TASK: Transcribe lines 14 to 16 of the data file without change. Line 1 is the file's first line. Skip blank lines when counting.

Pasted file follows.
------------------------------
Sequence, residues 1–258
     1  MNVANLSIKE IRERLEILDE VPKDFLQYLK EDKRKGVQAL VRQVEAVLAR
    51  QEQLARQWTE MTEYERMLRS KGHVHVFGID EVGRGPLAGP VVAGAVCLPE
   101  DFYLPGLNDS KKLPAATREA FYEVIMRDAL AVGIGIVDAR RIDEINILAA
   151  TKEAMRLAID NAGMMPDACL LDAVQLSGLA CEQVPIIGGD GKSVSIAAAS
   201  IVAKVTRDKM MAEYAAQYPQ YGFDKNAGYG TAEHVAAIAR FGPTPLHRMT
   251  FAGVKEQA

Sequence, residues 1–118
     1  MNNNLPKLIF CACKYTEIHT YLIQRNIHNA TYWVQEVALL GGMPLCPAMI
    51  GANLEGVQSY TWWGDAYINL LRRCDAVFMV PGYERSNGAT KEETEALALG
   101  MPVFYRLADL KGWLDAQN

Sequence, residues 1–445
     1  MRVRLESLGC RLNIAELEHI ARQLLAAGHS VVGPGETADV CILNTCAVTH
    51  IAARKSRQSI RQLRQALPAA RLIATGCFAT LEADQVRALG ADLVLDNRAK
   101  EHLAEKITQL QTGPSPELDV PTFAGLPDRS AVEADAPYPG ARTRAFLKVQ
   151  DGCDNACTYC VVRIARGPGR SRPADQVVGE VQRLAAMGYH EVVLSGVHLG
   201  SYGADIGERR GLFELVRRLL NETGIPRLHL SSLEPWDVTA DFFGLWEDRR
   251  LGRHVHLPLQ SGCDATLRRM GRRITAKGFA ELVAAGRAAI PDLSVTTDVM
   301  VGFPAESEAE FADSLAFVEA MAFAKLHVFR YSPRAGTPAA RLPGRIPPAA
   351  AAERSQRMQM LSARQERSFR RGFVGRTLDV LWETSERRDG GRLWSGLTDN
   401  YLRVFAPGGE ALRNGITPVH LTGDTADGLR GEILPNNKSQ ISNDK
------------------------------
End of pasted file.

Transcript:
    51  IAARKSRQSI RQLRQALPAA RLIATGCFAT LEADQVRALG ADLVLDNRAK
   101  EHLAEKITQL QTGPSPELDV PTFAGLPDRS AVEADAPYPG ARTRAFLKVQ
   151  DGCDNACTYC VVRIARGPGR SRPADQVVGE VQRLAAMGYH EVVLSGVHLG